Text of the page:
A woman has described how “every month is Dry January” for her after an injury while playing rugby in Leicester left her unable to drink alcohol ever again.
Holly Hume was just 20 years old at the time of the fateful incident – which saw her knocked unconscious – and has now been sober for nearly five years.
The 25-year-old said she used to love drinking “wines, beers, shots and cocktails” but nowadays has to make do with a simple cup of tea.
Holly had been enjoying student life to the full as a De Montfort University undergraduate when the accidental collision happened during a match back in 2017.
Now a reporter with our sister news site SuffolkLive, she decided to write an article describing how she became a teetotaller overnight.
“I used to love drinking, whether it was wines, beers, shots or cocktails – but at 25 years old I’ve now been sober for nearly five, something I still struggle to reconcile with,” she said.
“Over the past few years my life has drastically changed and I used to abhor the thought of Dry January – why would I ever drop the booze in favour of ‘health’?!
“Funnily enough Dry January is every year for me now, and every month is January. Here’s how it happened.”
Casting her mind back to the start of 2017, Holly said boozing was par for the course as a student in Leicester, where her life revolved around “sports socials, going clubbing and spending most of my student loan in the pub”.
But her life would change forever after suffering a concussion when she was knocked unconscious during a game of rugby.
Paramedics were called to the scene and she was taken to Leicester Royal Infirmary on a spinal board for a check-up.
It wasn’t until after having left hospital for several days she started “getting dizzy spells when standing up and struggling to stay awake”.
She realised something wasn’t quite right and, after seeking further medical treatment, was eventually diagnosed with Post Concussion Syndrome (PCS).
“It’s a condition where your brain gets shaken (that’s the concussion) but never fully heals from that hit,” said Holly.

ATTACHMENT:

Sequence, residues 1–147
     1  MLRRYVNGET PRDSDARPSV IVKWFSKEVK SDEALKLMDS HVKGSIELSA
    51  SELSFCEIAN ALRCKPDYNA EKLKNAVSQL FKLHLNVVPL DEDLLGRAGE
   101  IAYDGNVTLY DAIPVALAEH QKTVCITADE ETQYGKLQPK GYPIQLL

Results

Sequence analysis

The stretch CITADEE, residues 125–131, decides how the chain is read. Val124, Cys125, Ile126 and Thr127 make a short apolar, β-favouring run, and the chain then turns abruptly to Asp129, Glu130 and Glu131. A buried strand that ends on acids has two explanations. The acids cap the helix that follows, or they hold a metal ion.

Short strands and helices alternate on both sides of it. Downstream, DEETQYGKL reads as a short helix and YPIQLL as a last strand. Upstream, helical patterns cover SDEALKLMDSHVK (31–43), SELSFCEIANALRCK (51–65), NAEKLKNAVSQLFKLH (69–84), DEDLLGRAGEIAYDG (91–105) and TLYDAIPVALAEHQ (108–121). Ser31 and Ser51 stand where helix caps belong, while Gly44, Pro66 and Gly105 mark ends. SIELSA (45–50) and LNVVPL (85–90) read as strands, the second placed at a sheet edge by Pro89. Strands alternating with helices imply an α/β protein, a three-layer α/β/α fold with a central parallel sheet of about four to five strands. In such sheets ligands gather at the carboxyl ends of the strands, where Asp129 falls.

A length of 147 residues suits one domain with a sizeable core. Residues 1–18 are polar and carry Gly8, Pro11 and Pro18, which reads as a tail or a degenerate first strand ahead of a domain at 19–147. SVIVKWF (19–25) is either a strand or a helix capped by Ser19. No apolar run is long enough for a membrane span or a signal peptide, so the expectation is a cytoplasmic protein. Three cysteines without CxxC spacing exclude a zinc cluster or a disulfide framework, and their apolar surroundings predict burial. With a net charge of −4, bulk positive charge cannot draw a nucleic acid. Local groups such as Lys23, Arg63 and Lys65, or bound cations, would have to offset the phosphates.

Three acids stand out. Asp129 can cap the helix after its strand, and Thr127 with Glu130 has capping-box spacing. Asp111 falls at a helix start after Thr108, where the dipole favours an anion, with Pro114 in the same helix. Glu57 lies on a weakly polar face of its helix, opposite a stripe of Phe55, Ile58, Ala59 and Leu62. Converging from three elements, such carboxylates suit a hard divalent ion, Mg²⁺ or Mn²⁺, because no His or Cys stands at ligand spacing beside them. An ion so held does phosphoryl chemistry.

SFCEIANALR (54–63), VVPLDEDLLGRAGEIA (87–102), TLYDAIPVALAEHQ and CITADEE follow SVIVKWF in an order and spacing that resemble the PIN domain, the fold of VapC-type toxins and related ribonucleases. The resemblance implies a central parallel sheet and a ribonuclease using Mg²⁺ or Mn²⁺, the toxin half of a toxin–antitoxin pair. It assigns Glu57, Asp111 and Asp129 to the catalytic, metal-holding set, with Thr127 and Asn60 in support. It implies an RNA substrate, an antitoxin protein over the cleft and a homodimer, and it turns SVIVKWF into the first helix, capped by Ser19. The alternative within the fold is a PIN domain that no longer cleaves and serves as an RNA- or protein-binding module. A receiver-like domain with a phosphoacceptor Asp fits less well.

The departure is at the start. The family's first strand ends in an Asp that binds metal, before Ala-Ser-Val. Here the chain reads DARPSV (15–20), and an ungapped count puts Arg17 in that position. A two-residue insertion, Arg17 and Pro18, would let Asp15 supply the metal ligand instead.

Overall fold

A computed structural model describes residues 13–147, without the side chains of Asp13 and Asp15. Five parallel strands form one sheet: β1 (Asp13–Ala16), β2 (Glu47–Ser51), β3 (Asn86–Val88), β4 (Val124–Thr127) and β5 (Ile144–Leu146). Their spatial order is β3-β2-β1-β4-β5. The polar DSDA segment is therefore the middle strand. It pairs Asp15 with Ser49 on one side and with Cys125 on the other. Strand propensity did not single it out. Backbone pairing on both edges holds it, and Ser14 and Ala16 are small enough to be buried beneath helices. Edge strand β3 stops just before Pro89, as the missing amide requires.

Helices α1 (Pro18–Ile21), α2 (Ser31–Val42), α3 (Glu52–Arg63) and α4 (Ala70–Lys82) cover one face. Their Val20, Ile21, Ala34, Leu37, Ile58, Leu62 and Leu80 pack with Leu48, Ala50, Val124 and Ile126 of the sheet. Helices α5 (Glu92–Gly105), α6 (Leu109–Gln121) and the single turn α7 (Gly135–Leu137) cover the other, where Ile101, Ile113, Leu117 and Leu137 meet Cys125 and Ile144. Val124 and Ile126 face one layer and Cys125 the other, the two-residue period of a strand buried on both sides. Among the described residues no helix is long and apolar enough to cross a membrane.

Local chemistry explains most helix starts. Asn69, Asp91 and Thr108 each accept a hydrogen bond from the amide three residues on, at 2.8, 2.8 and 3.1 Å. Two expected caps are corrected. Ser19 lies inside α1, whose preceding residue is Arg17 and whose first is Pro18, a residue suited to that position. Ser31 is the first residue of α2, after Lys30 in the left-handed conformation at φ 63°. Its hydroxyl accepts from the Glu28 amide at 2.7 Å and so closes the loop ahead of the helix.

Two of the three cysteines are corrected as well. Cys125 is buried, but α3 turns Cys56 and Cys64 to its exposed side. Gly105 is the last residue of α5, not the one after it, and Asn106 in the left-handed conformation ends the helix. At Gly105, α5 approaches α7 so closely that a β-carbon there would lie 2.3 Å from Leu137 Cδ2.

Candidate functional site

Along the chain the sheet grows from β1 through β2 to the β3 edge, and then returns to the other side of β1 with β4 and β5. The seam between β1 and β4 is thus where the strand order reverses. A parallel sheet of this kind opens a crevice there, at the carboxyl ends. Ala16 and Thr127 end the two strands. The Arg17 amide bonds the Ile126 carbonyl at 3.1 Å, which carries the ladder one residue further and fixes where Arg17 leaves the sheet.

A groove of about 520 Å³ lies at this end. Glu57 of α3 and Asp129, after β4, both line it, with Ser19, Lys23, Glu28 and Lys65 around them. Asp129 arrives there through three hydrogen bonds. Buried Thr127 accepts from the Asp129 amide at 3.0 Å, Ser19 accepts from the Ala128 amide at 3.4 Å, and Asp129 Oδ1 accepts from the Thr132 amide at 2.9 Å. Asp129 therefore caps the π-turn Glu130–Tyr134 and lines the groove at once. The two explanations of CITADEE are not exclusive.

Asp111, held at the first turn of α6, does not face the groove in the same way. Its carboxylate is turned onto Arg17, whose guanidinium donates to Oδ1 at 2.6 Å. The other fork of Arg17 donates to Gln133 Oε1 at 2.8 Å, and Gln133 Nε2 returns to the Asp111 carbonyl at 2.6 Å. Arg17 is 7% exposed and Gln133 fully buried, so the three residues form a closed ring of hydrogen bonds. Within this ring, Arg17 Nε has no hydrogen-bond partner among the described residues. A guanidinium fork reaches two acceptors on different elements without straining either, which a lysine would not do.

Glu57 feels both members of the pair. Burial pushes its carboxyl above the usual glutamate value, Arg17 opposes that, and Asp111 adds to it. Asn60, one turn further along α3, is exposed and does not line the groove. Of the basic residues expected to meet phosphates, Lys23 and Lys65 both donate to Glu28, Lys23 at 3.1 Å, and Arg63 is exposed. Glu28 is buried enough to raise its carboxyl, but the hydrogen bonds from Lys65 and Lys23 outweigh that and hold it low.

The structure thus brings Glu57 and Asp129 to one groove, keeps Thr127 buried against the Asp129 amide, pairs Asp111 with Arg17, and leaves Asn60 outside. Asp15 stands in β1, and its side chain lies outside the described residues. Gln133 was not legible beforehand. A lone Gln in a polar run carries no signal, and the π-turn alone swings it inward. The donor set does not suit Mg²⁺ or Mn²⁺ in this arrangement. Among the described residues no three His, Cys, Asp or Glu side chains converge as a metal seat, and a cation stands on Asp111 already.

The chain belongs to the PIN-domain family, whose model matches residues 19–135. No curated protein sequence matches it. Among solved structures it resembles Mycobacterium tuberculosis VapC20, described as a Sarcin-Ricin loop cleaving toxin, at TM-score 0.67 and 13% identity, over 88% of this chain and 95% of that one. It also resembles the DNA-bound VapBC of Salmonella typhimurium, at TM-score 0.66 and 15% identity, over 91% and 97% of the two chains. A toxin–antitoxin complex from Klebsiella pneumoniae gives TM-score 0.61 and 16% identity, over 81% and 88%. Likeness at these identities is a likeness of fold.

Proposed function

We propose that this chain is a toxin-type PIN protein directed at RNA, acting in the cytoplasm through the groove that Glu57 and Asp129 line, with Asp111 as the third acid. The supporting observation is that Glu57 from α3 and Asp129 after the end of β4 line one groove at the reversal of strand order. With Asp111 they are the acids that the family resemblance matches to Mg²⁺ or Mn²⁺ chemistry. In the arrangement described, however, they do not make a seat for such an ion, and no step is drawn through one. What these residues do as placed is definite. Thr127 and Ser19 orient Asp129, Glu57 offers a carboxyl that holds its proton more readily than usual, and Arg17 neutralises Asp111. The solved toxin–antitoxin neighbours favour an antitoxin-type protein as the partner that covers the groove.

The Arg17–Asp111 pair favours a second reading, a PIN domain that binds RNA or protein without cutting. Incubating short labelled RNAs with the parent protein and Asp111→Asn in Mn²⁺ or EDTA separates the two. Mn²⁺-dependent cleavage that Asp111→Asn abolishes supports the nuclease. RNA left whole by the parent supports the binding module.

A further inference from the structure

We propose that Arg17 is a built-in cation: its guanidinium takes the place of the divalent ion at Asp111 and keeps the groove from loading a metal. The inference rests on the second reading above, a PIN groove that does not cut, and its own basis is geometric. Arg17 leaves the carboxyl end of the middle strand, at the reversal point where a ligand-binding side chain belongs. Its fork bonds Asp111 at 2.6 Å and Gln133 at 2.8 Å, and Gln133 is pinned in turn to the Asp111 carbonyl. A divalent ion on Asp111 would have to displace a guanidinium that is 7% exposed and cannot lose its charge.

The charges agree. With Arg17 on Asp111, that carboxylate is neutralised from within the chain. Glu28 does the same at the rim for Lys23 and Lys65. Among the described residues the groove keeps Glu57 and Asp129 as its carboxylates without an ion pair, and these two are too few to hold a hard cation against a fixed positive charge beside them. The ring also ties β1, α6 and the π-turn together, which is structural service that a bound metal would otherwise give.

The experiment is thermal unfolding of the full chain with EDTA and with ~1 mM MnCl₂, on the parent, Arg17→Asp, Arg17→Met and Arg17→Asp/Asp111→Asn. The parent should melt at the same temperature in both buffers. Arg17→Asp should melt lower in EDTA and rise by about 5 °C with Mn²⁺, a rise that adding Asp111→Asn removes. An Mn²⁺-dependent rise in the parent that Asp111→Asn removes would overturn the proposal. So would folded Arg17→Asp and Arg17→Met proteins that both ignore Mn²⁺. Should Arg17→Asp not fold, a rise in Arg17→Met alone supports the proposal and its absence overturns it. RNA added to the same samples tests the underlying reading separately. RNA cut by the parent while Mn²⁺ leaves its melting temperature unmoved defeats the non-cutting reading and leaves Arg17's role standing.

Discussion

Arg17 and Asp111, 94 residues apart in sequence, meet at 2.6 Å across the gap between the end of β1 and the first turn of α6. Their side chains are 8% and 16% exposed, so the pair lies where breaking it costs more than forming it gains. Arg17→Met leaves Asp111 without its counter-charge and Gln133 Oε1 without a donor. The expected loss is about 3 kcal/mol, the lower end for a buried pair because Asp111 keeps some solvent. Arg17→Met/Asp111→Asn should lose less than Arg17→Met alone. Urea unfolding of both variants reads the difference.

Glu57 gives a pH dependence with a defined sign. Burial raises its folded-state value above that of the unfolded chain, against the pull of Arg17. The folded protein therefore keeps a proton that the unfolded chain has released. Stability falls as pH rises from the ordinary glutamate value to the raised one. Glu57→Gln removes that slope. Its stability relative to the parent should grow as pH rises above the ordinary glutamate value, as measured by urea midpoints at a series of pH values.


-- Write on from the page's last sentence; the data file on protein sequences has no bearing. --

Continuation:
“This means you can continue to feel concussed for much longer than normal, experiencing the same symptoms.
“The doctor mentioned the off-chance that 1 per cent of people with PCS don’t ever improve, but I was sure that wouldn’t be the case for me.”
Unfortunately for Holly, her symptoms did not ease in the coming months and she was left with “crippling headaches, fatigue, dizziness and memory problems”.
“The very worst part of it all – other than not being able to play rugby again – was that I could no longer drink,” she explains.
“I’d been advised to stay away from booze and caffeine while I recovered, but I was appalled to find even a half pint of beer left me needing 24 hours to sleep off the pain.”
Over time, Holly said she has been able to manage her condition and “reclaim her life” to a degree – thanks to the latest neuropathic pain medication.
But her boozing days are most definitely over.
“The one thing I’ve been unable to get back is drinking. At 20 years old drinking culture was a huge part of my life.
“It was how I met many of my friends, socialised and what I turned to when I wanted to relax.”
Holly said her sporting friends in particular found it hard to understand how she could turn from “party girl to stone cold sober” overnight.
She added: “It took some serious time for me to get used to new ways of hanging out with friends, none of which involved getting slaughtered on a school night in the local pub.”
“My biggest challenge was learning how to socialise without using alcohol,” she said. “I had never noticed how most of my social interactions revolved around drinking before.”
But Holly says she has learnt to adapt – and so have her friends and family.
“As the years went by my pals got used to the new me, who went to bed before midnight and didn’t fancy going to clubs anymore,” she said.
“My family have a selection of non-alcoholic beers at the ready when I visit and more often than not, pubs are now stocking some pretty decent options.
“It’s a far cry from 2017 when the only drink I could ever find was Becks Blue, which I personally think tastes like dishwater.”
Holly said a few attempts at seeing what would happen with a drink “all ended the same way”, meaning there’s little hope of ever falling off the wagon.
“I’d like to say in my mid-twenties I’m confident in myself, but I have to admit, it’s still difficult sometimes finding the words to explain why I don’t drink,” she said.
It’s made her question role booze plays in British life and society.
“Booze was a conversation I put off with new work colleagues, dodging questions about when I was going on a work night out and did I want to go to the pub,” she said.
“Drinking is as much a part of adult culture as it is at uni and while it’s becoming less socially acceptable to smoke, drinking is still seen as something “everyone” does, because why not?”
Holly concluded: “I can’t say it’s a choice, because given one I’d love to have a proper drink again, but I’m becoming more at peace with it every time Dry January passes by.”
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